Author Topic: The KRU: Afrikan sailors that introduced GUITAR and SEBEN into Afrikan Music  (Read 256 times)

Bohemian Rhapsody on: November 11, 2019, 04:16

  • Jr. Member
  • **
  • Posts: 88
  • Karma: +0/-0
    • View Profile
Mbote Everybody. Jambo. Bonjour to everybody at Congo Vibes.

Who are these people, you say? ??? These are the infamous Kru sailors. The same people who the late Wendo Kolosoy witnessed coming into Kinshasa and Matadi.  8)

You probably have heard of the Kru of West Africa who were a very strong-willed and independent group of people that could not be captured into slavery. Originally from Liberia, the Kru were also found in parts of Sierra Leone and Gambia and were a fishing community that had skill in swimming and sailing with great knowledge about the navigation on sea to other parts of West Africa and Africa at large. Due to this skill, they developed a great bond with the Westerners and were hired as sailors to help them navigate through West Africa.

Historically accounts suggests the Kru sailors of Liberia greatly influenced West Africa and Central Afrika through music and their unique way of playing the guitar and the concertina. The guitar style they mastered was played by the thumb and arpeggiation along with the other fingers. Jean Bosco Mwenda e.g.

Before being introduced to the guitar, the Kru men were conversant with similar string instruments such as the kora and lute which were popular in West Africa. This made learning the guitar very easy.

The Kru sailors played the guitar and caught the attention of the locals who would then learn to play. The Kru sailors taught them how to play Portuguese and Calypso melodies learnt from the Westerners as well as their own incorporated rhythms. However, it was in Ghana that Highlife music began after the locals who lived in small villages along the coast learnt to play the guitar.

The Kru brought this style of guitar playing at various future African capitals along the West African coast and up the Congo River Basin: Dakar Senegal, Conakry Guinea, Abidjan Ivory Coast, Accra Ghana, Cape Coast Ghana, Kinshasa (Leopoldville) Kongo, Port Harcourt Nigeria, Lagos Nigeria, Brazzaville Kongo, Douala Cameroon and much more.

In Ghana, the locals who learnt the guitar grew very fascinated with the sounds and adapted the two-finger picking style of playing the local instrument, known as the Seprewa, on the guitar which started a new era of music known as the Palm Wine Music. It was very popular in the rural parts of Ghana which was then known as the Gold Coast.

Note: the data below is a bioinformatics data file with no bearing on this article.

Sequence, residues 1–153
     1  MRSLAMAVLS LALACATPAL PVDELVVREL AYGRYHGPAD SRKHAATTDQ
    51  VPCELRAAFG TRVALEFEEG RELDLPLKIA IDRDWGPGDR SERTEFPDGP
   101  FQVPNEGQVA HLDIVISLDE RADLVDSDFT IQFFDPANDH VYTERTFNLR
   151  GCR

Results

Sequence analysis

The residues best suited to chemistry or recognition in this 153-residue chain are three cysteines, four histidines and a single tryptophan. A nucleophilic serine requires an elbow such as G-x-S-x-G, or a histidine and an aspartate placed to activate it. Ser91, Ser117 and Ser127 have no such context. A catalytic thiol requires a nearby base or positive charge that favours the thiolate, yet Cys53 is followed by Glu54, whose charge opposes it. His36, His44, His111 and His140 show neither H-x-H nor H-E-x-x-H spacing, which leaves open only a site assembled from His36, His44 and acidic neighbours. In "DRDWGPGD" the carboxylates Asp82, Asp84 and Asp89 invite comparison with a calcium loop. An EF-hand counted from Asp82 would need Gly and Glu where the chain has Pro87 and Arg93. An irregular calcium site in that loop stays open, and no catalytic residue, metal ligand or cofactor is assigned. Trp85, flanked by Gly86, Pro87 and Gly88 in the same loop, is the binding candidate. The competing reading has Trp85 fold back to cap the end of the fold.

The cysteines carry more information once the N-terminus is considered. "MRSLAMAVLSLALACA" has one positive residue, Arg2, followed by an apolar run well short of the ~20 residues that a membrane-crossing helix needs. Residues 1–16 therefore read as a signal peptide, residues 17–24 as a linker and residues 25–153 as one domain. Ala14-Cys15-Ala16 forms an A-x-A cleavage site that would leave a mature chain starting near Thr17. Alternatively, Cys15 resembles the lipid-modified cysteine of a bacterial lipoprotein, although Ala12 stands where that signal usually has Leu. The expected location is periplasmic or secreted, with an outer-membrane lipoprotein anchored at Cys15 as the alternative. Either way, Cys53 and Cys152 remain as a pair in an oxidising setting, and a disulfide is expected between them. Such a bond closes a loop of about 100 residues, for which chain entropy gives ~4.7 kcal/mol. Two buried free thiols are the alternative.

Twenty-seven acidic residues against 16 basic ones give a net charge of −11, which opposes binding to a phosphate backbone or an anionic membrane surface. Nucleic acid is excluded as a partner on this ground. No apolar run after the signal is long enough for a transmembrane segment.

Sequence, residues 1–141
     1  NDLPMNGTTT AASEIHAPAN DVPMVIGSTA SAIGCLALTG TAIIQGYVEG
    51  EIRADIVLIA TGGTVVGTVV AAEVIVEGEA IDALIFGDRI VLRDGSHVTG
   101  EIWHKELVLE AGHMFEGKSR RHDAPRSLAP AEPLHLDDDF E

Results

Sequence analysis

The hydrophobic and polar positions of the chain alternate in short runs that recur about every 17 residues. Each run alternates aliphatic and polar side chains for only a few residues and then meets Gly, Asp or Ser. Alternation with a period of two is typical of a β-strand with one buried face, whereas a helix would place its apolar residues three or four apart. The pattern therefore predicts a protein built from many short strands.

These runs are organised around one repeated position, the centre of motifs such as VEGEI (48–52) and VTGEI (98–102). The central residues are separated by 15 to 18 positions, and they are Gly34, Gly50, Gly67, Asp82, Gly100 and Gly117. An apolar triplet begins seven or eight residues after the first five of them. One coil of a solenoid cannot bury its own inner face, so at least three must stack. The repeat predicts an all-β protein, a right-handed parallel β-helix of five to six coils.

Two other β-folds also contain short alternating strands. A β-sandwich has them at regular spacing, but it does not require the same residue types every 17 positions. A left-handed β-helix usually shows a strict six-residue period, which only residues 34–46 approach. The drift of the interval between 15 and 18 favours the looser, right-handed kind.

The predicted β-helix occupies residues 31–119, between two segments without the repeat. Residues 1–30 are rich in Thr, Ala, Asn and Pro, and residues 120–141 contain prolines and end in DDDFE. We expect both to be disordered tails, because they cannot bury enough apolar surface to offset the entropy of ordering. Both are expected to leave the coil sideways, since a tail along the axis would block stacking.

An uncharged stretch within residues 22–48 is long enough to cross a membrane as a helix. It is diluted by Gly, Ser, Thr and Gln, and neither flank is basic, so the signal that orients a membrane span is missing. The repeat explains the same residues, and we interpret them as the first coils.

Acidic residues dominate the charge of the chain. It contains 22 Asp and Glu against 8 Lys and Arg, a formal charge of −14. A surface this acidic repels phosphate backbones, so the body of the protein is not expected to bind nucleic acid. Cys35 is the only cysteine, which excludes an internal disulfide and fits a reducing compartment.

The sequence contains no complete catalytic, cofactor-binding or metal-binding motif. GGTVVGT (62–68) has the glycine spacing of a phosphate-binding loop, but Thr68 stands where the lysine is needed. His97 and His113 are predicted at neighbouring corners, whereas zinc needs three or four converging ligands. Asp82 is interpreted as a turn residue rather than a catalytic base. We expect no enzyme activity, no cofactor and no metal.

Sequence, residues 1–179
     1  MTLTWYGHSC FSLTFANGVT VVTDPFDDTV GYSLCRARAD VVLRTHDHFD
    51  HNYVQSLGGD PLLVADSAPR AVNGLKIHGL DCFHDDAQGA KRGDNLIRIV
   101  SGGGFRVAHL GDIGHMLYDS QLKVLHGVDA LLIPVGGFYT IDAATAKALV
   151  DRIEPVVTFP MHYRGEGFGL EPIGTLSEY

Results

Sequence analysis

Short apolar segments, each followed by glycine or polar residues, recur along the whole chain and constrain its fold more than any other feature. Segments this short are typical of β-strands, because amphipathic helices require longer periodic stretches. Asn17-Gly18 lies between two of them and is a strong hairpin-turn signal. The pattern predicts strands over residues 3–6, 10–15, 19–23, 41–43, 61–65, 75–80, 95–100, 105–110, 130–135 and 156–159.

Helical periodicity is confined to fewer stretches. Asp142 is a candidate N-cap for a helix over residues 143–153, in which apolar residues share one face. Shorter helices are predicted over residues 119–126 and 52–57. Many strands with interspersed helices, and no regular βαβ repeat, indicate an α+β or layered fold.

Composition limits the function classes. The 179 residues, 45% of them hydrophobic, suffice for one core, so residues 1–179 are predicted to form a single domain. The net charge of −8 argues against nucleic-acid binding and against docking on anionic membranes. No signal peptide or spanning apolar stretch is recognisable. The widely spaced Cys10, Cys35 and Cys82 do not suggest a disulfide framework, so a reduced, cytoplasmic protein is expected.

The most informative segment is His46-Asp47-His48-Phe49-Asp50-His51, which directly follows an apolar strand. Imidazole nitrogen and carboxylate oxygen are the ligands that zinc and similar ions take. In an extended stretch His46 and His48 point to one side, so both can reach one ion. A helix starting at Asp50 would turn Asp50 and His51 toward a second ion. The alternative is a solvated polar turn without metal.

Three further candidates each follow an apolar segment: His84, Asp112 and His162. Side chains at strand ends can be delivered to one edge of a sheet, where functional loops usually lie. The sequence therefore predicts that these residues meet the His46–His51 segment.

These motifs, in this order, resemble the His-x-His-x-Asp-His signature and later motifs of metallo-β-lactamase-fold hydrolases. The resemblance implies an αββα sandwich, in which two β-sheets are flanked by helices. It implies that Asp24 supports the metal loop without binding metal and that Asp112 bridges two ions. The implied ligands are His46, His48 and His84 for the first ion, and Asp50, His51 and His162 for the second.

After a while, palmwine music and the guitar playing style made its way into the more urban parts of Ghana where dance bands were developing. With the introduction of the guitar and the palmwine style of playing it, Highlife music was born.

The term highlife developed from the use of both Western instruments and local ones to create music. The name itself came from the issue of social classes which indicated that such music was usually enjoyed by elite Ghanaians who were high up in the social classes hence ‘high-life ‘music.

Highlife music created huge names in Ghana such as E.T Mensah and also spread throughout West Africa ultimately giving birth to several other music genres in West Africa such as Burger Highlife, Afrobeat, Hiplife, Afro Jazz and several others.

From history, it is the guitar that would later become an important part of African music and lead to the development of Highlife music in Ghana, spreading throughout Africa and parts of Central Africa like Congo.

It's because of these guys, Modern Afrikan Music has added the sebene ("seventh chords") including Nkumba (also known as "Rumba" ), Coupe Decale, Benga, Zengue, Semba, Zouk,Mandingue, Maringa, Kalindula, Mbaqanga, Bikutsi and many more.

You'll also notice that Abidjan mimics Kinshasa with the Sebene culture. By this, we're talking about who's the best, who's "hot" and  has potential.


Rumba Rules: The Politics of Dance Music in Mobutu's Zaire  Bob W. Wilfe  Pg. 256 (

Punk Ethnography: Artists & Scholars Listen to Sublime Frequencies Michael E. Veal, E. Tammy Kim. Pg 215

The Garland Encyclopedia of World Music: Africa Ruth M. Stone

Face2Face Africa (